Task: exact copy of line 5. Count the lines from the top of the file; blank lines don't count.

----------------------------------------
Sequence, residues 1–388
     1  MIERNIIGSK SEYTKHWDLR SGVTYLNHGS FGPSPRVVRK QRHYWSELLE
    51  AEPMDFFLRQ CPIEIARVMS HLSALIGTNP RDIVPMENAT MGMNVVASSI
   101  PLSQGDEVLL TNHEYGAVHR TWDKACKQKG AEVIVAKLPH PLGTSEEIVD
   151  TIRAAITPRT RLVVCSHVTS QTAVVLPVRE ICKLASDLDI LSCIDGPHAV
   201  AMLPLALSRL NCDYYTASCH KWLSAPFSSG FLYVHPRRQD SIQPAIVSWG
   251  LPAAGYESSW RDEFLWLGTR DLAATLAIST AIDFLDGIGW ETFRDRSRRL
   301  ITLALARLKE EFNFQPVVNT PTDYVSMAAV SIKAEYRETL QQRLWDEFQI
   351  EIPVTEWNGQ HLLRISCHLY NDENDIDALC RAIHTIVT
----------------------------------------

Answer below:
   151  TIRAAITPRT RLVVCSHVTS QTAVVLPVRE ICKLASDLDI LSCIDGPHAV